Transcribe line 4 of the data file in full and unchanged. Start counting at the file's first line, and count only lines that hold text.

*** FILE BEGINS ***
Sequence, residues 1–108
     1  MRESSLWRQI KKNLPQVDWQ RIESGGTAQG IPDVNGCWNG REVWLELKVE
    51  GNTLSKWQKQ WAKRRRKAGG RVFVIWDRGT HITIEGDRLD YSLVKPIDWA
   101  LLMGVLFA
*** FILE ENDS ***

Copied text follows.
   101  LLMGVLFA